Dan and Jennifer Digmann met and fell in love at a multiple sclerosis (MS) event in 2002 and often say the disease brought them together. More than 15 years later, they’re happily married, fully devoted, and helping one another thrive “despite MS, to spite MS.”

Dan has relapsing-remitting MS, while Jennifer has secondary progressive MS. It’s left her unable to walk since she was 28.

“When people look at Jennifer and me, they immediately think I am the caregiver in our relationship. This is only part true. For as much as I do for her, she does even more to take care of me,” Dan says.

Jennifer expresses the same for her husband: “I don’t think people, especially Dan, realize how much he does for me. He knows that I can do what I can, but I often comment that it’s like he puts in a full workday before he leaves for the office at 8 a.m.”

In reality, Dan and Jennifer are both partners and caregivers to one another. We spent a day with them and discovered what makes their unique partnership work.

Things Jennifer does for Dan

Takes care of grocery shopping

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Image source: Photos by Steve Jessmore

Thanks to Jennifer’s shopping skills and her love for me, I never have to worry about going grocery shopping. Not that I won’t do it, but she reassured me when we got married in 2005 that shopping was her thing. And Jennifer knows that taking the time to make a list and go through coupons at home with her caregiver, Crystal, will help conserve her energy as she fills the shopping cart.

Provides comfort through hand massage

Numbness in my feet and hands is among the most noticeable MS symptom that I live with. I’m a professional writer, so I spend a lot of my day typing. Each stroke of the keyboard further irritates numbness, and I don’t have a lot of feeling left in my hands by the end of the day. Bless Jennifer for her willingness to rub sensation back into my hands each night after I get home. Bonus: Massaging my hands helps keep her MS-affected hands functioning, too!

Sets the DVR

I officially am that “old guy” who doesn’t know how to set our video recorder. And Jennifer is always like, Dan, I got this. So, whether it’s programming the DVR to record our TV standards like “ABC World Nightly News,” “Big Bang Theory,” “Life in Pieces,” “Speechless,” “Shameless,” “This Is Us” and “House Hunters International,” or special programs — including “ESPN 30 for 30” and anything with Tom Brady or Bruce Springsteen — I always can count on her to take care of it.

Keeps me fit and exercising

After Jennifer attended the first MOVE! for Health@CMU exercise class at Central Michigan University (CMU), she came home and said, “Dan, you HAVE to go! It is so awesome!” She wasn’t kidding. It’s a special class for people living with Parkinson’s and MS hosted by CMU’s physical therapy doctoral students. They adapt each exercise to individual skill levels. And they always send us home with weekly workout sheets with activities such as walking, stretching, and bridging. Jennifer makes sure I stay on track between classes.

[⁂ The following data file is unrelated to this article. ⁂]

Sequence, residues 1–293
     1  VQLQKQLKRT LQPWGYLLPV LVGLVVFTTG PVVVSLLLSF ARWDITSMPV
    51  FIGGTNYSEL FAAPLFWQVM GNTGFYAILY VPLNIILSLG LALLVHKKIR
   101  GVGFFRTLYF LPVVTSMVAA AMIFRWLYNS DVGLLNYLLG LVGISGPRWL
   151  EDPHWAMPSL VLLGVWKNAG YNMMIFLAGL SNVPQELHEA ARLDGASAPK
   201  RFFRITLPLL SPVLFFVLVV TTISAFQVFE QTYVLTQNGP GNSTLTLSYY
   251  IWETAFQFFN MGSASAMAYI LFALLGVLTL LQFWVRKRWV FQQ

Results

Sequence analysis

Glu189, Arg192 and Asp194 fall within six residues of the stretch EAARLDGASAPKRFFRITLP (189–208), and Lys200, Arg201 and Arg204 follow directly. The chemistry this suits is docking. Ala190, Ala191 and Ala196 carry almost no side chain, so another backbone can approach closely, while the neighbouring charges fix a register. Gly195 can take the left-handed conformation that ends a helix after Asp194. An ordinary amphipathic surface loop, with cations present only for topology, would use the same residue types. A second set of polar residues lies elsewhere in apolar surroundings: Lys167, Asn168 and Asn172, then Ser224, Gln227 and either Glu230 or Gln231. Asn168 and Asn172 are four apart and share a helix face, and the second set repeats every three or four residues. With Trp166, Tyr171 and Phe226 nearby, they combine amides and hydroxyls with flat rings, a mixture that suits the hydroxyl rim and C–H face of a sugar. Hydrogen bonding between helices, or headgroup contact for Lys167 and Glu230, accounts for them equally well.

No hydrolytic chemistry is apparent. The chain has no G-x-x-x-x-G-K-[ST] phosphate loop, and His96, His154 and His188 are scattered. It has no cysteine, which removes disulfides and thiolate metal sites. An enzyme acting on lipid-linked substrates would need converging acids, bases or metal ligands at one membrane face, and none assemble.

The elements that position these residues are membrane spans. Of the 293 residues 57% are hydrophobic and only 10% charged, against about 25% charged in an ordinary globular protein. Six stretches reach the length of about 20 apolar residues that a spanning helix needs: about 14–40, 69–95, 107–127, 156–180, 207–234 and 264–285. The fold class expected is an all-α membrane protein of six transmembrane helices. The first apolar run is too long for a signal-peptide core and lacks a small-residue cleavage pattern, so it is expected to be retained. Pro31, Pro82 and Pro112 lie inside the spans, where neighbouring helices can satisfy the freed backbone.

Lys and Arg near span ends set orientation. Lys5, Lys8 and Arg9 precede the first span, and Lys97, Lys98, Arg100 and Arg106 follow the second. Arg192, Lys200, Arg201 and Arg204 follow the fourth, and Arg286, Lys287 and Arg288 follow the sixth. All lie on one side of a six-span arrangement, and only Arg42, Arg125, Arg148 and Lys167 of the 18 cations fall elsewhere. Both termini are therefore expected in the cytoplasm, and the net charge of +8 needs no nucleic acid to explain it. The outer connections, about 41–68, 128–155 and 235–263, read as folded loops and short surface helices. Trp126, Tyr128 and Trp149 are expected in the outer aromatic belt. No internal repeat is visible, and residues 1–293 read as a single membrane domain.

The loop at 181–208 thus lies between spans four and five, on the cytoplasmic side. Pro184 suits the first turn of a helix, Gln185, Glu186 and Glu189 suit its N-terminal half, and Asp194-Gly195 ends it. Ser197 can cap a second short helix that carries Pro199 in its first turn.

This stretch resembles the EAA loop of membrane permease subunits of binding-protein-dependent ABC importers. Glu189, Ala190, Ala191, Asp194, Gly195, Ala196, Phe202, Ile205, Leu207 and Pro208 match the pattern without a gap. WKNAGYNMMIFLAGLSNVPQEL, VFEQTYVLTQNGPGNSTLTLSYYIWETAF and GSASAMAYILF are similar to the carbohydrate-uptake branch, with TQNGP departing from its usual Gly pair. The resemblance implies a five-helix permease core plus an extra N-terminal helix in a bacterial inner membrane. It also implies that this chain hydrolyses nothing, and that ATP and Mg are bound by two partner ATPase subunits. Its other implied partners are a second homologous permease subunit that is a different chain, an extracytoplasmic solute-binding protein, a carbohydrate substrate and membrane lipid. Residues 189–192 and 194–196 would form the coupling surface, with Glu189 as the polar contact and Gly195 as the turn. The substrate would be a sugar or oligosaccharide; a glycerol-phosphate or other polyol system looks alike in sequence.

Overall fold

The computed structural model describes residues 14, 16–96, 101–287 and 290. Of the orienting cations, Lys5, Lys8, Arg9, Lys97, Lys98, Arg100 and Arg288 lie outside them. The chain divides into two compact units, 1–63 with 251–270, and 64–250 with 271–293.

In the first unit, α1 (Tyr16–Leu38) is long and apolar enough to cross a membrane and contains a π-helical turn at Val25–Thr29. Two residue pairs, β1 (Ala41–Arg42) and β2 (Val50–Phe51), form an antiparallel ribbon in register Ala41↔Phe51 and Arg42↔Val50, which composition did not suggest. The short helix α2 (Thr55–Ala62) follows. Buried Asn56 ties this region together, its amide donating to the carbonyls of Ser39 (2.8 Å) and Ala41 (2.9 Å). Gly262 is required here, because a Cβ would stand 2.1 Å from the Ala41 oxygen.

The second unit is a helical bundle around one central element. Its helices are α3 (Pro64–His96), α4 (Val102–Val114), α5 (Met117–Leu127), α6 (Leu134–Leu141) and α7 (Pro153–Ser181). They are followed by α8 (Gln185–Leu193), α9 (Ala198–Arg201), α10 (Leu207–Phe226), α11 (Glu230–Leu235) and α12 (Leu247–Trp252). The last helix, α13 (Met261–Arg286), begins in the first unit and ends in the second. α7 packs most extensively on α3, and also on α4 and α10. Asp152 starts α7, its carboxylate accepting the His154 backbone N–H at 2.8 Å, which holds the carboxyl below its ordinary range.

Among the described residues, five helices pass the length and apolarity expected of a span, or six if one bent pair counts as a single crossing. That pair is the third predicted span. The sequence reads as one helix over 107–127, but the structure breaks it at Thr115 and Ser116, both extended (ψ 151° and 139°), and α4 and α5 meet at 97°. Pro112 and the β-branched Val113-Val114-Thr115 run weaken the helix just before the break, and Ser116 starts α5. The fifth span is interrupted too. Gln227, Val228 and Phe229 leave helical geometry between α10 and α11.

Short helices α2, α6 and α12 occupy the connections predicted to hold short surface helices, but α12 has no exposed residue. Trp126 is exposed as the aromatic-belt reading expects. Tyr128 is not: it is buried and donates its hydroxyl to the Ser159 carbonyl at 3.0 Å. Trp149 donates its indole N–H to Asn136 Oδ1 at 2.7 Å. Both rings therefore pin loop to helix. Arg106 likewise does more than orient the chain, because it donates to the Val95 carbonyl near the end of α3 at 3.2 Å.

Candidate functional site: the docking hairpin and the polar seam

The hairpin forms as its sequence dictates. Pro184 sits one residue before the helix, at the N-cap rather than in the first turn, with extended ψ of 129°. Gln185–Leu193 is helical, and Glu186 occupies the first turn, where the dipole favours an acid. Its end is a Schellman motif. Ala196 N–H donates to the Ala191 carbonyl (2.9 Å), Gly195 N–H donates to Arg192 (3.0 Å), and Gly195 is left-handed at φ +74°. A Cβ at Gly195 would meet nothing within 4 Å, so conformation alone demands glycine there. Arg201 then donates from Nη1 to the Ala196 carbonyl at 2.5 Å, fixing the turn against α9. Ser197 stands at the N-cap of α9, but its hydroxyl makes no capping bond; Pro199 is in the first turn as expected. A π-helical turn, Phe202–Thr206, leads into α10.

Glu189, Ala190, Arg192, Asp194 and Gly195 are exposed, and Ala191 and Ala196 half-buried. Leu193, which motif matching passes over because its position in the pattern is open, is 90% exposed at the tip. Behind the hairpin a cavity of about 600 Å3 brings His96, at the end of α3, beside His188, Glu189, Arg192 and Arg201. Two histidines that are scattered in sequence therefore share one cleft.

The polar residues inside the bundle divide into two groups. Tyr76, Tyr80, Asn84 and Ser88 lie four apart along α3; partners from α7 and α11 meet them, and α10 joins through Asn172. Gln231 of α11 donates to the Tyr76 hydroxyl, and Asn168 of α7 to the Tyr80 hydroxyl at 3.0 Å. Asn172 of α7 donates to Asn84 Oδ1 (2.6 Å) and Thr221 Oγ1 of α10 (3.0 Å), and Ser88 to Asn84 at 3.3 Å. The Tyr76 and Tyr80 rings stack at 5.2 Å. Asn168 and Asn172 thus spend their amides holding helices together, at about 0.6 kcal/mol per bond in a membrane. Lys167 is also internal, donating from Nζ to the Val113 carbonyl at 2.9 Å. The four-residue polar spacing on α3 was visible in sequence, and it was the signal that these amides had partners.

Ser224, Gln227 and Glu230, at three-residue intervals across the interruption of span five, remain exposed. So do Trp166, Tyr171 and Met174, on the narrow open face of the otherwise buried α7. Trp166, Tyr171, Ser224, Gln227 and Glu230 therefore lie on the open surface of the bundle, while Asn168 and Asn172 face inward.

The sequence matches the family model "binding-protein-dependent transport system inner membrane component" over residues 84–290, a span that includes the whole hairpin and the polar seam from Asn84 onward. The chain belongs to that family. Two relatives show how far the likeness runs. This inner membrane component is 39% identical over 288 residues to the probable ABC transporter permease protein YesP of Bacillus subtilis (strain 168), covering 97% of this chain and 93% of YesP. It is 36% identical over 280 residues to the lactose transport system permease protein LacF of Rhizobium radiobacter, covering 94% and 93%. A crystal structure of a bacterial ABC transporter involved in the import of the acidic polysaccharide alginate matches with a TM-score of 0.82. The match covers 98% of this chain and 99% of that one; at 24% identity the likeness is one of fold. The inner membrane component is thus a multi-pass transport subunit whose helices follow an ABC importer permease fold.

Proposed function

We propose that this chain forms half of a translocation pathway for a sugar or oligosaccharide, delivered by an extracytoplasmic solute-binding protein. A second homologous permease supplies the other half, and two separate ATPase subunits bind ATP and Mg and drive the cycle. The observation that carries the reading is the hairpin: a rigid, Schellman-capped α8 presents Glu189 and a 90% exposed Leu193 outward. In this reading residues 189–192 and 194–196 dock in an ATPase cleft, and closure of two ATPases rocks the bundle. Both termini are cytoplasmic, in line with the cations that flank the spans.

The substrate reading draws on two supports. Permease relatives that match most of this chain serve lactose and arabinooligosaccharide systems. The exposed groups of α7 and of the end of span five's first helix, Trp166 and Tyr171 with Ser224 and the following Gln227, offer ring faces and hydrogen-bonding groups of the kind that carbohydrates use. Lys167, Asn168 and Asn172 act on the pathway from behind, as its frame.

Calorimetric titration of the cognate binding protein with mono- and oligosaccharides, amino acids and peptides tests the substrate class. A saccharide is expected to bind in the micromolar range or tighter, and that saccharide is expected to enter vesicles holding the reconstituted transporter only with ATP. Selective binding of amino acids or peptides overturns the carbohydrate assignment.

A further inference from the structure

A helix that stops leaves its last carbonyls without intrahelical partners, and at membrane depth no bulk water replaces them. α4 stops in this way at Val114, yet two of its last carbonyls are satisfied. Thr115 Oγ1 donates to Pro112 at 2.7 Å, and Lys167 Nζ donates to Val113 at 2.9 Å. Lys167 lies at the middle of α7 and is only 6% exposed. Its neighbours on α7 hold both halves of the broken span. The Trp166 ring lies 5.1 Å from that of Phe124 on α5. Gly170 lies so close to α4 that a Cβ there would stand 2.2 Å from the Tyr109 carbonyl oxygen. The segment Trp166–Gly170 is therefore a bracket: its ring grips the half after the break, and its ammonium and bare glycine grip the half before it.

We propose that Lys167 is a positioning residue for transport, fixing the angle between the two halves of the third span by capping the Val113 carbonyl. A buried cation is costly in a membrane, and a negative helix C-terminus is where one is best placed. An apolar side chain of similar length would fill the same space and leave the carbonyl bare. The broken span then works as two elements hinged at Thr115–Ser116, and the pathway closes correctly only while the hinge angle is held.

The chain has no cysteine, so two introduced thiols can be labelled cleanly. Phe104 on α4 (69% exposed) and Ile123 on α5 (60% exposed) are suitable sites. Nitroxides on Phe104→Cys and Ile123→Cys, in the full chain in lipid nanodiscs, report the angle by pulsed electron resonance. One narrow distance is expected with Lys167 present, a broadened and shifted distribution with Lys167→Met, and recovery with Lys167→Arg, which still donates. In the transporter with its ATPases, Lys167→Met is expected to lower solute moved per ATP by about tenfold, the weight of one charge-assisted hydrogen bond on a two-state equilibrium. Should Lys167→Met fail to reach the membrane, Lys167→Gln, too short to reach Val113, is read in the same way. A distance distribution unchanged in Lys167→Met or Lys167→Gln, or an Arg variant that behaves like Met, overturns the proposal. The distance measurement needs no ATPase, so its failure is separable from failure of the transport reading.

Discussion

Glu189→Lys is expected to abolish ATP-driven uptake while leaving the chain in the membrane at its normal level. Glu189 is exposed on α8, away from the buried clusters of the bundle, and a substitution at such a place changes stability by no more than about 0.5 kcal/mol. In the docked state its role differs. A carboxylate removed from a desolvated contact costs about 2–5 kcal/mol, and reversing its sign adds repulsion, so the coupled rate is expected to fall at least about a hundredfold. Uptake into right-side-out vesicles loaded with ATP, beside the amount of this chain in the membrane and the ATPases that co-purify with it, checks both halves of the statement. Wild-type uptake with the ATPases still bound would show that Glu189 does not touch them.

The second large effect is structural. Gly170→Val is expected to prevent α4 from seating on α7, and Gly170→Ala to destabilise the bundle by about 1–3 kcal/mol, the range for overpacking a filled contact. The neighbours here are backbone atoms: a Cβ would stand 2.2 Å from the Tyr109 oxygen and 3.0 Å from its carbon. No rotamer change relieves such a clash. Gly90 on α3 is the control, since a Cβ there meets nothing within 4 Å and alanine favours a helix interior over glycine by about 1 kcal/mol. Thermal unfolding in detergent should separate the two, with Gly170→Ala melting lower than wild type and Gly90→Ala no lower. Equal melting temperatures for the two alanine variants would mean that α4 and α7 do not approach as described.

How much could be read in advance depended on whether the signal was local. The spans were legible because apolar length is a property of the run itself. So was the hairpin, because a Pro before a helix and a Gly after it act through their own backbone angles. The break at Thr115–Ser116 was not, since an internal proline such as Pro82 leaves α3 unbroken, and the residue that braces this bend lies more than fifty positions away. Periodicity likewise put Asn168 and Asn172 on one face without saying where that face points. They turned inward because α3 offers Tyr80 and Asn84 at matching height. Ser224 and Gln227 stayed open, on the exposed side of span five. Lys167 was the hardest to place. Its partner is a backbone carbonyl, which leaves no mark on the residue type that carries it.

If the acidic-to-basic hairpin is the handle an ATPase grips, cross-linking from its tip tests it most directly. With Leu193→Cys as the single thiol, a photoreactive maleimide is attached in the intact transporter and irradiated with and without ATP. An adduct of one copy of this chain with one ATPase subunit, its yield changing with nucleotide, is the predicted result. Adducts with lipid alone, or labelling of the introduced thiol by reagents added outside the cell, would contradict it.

Does the laundry

Much like the grocery shopping, I don’t have to worry about doing laundry. That’s right. Jennifer takes care of it with her caregivers, Crystal and Marcus. This helps me tremendously, because after working all day, I don’t usually have the energy to do laundry or cleaning on top of other things I do to help Jennifer.

Makes lunch

Bon appétit! Jennifer always makes sure food is ready to eat when I break for lunch, whether it’s her and her caregiver Crystal whipping up freshly made sandwiches or warming up leftovers from our favorite pizzeria, The Cabin. She incorporates foods that are easier for her to eat given her MS-weakened hands and arms. This includes more chicken dishes, larger vegetables, quesadillas, and more self-contained foods that don't require using a spoon.

Shops for our daily needs

Walking around department stores zaps my energy, and I never did like it even before I was diagnosed with MS. Similar to many other activities of daily living, I know Jennifer has us covered. All it takes is for us to turn on her computer and BOOM! She goes shopping online and, in a matter of minutes, new towels for the bathroom, sheets for our guest bed, a meat thermometer for grilling, and a birthday present for our niece in Iowa are purchased and ready for shipping. And I spent none of my energy.

Acts as the sous-chef

I do enjoy cooking. More to the point: I like to bake cookies! Even better than that? I like to bake peanut butter chocolate chip cookies with Jennifer. She’s my sous-chef of sorts who makes baking easier by reading me the recipe from the “Betty Crocker Cookbook” that we got for our wedding. She also makes sure I mix everything in the proper order. I learned from her that it does make a difference.

Listens to my needs

I have a lot of thoughts, ideas, and questions about work, MS, and how to get through life. Jennifer helps me make sense of everything by listening. Because she knows who I am and how my mind works, she knows the difference between when she needs to offer me answers, just be silent and smile, or remind me of how much she loves me.

Maintains the van